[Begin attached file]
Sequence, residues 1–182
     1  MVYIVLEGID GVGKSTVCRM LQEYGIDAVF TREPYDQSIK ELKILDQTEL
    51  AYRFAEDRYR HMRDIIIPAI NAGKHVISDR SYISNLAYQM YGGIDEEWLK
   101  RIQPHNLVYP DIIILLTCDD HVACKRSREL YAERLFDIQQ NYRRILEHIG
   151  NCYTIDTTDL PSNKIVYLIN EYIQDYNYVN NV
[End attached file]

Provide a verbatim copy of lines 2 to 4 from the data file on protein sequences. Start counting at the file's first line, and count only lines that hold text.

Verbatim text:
     1  MVYIVLEGID GVGKSTVCRM LQEYGIDAVF TREPYDQSIK ELKILDQTEL
    51  AYRFAEDRYR HMRDIIIPAI NAGKHVISDR SYISNLAYQM YGGIDEEWLK
   101  RIQPHNLVYP DIIILLTCDD HVACKRSREL YAERLFDIQQ NYRRILEHIG